It’s also examined the way the music transitioned- branching away from mammoth rock pioneers like the Stones and the Who. It takes a deep dive into management, promotion, the competition between bands, and the underbelly of the business.

It occurs to me know now, looking back on the seventies rock era, that there were other rock ‘cliques’, like Styx, Journey and Foreigner, for example. I’m sure there were other similar groups who ended up as ‘also rans’, like Starz.

The talent, the look, the music was all there, right on target- just like the bands filling stadiums, but they were extinguished by the powers that be, or didn’t offer kick backs to the radio stations, or caught on just as the fire started to lose its flame.

Whatever happened to all this season's losers of the year?
Every time I got to thinking, where'd they disappear?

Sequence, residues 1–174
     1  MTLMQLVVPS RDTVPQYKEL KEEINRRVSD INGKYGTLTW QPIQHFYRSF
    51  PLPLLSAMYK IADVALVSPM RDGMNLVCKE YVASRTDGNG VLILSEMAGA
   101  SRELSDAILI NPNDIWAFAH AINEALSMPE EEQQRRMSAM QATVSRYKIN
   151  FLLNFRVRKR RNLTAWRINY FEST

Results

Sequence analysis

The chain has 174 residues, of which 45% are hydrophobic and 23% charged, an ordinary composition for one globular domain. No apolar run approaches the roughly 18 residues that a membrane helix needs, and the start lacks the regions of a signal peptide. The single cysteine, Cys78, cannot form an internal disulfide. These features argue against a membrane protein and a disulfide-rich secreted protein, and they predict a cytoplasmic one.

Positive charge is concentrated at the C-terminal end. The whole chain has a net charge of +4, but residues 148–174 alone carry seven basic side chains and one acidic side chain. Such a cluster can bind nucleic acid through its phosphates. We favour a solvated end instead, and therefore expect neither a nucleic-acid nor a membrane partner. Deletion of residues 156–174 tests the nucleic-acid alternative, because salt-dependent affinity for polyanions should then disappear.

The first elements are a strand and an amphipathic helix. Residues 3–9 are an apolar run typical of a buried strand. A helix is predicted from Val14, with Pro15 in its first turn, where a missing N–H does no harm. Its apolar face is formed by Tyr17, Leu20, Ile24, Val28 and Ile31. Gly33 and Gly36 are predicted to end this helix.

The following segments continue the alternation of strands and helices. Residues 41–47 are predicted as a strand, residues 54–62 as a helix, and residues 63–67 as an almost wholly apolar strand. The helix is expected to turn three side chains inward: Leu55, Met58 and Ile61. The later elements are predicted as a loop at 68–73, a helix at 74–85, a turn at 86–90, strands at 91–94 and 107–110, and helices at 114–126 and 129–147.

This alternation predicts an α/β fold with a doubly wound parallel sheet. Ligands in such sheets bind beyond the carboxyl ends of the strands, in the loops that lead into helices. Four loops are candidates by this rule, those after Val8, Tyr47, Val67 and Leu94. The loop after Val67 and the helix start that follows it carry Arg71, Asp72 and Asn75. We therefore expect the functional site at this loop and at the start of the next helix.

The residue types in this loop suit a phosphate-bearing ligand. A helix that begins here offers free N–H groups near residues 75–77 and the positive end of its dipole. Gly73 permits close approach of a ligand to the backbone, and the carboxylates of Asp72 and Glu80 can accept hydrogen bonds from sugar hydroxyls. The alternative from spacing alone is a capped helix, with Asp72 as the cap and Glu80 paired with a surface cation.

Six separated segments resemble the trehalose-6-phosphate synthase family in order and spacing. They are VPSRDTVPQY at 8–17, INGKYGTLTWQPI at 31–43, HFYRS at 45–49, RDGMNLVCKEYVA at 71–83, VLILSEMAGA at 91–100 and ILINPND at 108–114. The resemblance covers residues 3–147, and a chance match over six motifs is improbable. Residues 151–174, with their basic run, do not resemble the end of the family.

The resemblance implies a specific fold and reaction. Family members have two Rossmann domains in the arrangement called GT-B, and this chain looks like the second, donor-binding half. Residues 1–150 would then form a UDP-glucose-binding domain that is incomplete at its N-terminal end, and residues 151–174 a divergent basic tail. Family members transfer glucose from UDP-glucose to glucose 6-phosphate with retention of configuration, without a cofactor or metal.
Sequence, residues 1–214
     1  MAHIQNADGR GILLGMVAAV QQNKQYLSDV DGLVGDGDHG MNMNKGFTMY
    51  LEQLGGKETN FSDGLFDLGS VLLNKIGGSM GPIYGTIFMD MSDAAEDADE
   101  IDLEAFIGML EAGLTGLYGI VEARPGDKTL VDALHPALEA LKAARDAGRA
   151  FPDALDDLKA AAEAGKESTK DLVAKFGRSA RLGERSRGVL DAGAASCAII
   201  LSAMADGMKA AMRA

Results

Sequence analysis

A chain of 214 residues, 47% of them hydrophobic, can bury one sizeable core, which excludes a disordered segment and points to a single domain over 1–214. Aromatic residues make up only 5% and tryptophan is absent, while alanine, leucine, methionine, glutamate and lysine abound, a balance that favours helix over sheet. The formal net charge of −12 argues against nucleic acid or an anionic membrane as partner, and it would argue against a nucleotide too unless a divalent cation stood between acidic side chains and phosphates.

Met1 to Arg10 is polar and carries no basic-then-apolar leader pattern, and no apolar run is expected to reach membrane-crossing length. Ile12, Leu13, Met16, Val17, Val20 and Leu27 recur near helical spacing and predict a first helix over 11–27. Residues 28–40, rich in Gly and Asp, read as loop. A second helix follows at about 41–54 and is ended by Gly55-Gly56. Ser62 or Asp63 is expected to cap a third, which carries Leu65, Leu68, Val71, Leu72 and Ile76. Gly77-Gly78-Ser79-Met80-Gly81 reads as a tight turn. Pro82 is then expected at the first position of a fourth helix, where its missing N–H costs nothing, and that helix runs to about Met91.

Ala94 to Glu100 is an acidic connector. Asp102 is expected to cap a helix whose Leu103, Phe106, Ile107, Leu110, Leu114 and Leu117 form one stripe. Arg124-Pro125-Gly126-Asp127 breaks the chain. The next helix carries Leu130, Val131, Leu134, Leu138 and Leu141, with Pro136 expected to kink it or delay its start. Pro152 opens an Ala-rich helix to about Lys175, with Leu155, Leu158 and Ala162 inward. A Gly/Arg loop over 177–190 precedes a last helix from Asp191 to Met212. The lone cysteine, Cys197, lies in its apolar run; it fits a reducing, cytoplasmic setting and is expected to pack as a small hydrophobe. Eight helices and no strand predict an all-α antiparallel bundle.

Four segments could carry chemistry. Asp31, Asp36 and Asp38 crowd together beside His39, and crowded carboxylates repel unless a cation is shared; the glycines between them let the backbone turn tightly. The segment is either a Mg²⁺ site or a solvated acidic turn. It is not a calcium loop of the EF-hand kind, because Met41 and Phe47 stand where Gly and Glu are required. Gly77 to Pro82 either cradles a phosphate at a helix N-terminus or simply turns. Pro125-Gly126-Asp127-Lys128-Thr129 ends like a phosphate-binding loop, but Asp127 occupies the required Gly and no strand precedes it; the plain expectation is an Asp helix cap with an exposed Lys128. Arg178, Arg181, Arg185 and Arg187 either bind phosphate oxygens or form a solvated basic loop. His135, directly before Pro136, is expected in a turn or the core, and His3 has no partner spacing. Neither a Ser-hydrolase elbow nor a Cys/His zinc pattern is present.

When I woke up, mom and dad are rolling on the couch.
Rolling numbers, rock and rolling, got my kiss records out.

As for Starz- they got a raw deal in many ways. I'm glad this book called attention to them and I honestly found their story to one of the more interesting aspects of this book.

This is an absorbing book- it’s one- part musical history and criticism and one part pop culture. The tone is not really one of warm nostalgia, though- as I had originally thought. It’s more of a serious study, almost like a history class on a concentrated segment of seventies rock music.